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R&IEditorial Archives2004 — August 15 — Food

Crisp Finishes
Grilled breads are hot and happening.

Toss out that toaster. Grilled bread is making a mark on restaurant menus.

Operators across the country and across segments are stoking wood fires and turning up the gas to produce paper-thin flatbreads and puffed-up pitas and to add distinctive flavors and textures to ready-baked breads.

The resulting menu items can be diet-minded or high-cal, vegetarian or protein-packed. Options are limited only by the imagination of the kitchen crew and customer preferences.

Creative chefs top grilled breads with a variety of popular ingredients, including portobello and cremini mushrooms, goat and Jack cheeses, arugula and other greens, as well as grilled onions, eggplant and tomatoes.

Greek flatbreads are big sellers with the noontime crowd at Papagus Greek Taverna in Chicago and Oak Brook, Ill. Only gyros are more popular at lunch, according to Paula Meersman, manager of the Chicago unit, part of multiconcept operator Lettuce Entertain You Enterprises.

The flatbread, which fills a 15-inch plate, comes in two versions: roasted chicken, topped with shreds of poultry plus spinach, oven-dried tomatoes and mozzarella; and Santorini, with eggplant, tomatoes, olives, feta cheese and basil. Both flatbreads are offered as main courses, although diners often order them as shared appetizers.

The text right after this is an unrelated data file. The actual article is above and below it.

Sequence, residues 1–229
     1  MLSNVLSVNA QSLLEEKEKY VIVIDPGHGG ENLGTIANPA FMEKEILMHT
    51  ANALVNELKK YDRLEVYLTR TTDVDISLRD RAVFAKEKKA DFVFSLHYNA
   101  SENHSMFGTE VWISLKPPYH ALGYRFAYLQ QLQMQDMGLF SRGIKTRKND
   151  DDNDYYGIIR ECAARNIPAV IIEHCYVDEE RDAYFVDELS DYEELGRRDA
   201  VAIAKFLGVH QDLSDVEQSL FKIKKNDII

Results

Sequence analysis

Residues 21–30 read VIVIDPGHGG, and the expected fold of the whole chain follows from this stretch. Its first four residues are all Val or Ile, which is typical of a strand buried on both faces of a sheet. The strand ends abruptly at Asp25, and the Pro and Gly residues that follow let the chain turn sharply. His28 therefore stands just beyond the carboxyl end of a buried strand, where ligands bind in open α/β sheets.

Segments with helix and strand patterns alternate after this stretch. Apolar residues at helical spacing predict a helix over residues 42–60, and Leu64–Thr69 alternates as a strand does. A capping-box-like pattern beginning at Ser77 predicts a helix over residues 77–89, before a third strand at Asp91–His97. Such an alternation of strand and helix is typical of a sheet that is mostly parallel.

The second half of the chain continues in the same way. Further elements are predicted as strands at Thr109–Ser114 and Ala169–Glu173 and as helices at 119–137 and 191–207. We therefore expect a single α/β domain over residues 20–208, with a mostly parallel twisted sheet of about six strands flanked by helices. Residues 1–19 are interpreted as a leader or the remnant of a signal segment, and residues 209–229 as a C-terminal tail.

Papagus buys hand-rolled unleavened flatbread from a local Middle Eastern bakery, brushes it with olive oil, fresh basil and garlic, then grills it briefly to mark and crisp it. Toppings are added and the bread baked on order.

“It’s very light, and people love it,” says Meersman.

Roll of the Dough
Grilled portobello flatbread has been a main-course option for more than two years at The Ravens restaurant in Stanford Inn by the Sea, in Mendocino, Calif.

Cooks at the vegetarian restaurant roll yeast bread to order and grill it until it “puffs up like a pita,” according to Dining Room Manager Dawnette Tyler. They then spread it with tahini sauce and fold the bread around grilled organic portobello mushrooms, dry-aged Jack cheese, baby arugula, grilled red onions and tomatoes. “It’s like a big sandwich,” says Tyler. “We sell a lot of it.”

Bakers Square menus seven melts, including its newest—Honey Mustard Portobello Chicken (above). Flatbreads at Seasons 52 (below) come topped with garlic chicken, grilled flank steak, spicy shrimp or vegetables.

Splash! An Ocean Grill in Tampa, Fla., sells plenty of its oak-grilled flatbread. An upscale seafood restaurant, Splash! serves it as an appetizer, changing varieties daily to satisfy sizable repeat business.

To make the bread, chefs pound yeast dough, roll it thin and crisp it on the grill. They then add a variety of toppings—blue cheese and tomatoes; garlic butter with shrimp and crab; and spinach with feta cheese and mushrooms are just three combinations—and finish the dish in the oven.

“The crust is nice and crispy. When you take a piece of it, you can almost snap it like a cracker,” says Co-owner Kevin Wright. “They are a wonderful sharing appetizer and a great little something to eat before dinner.”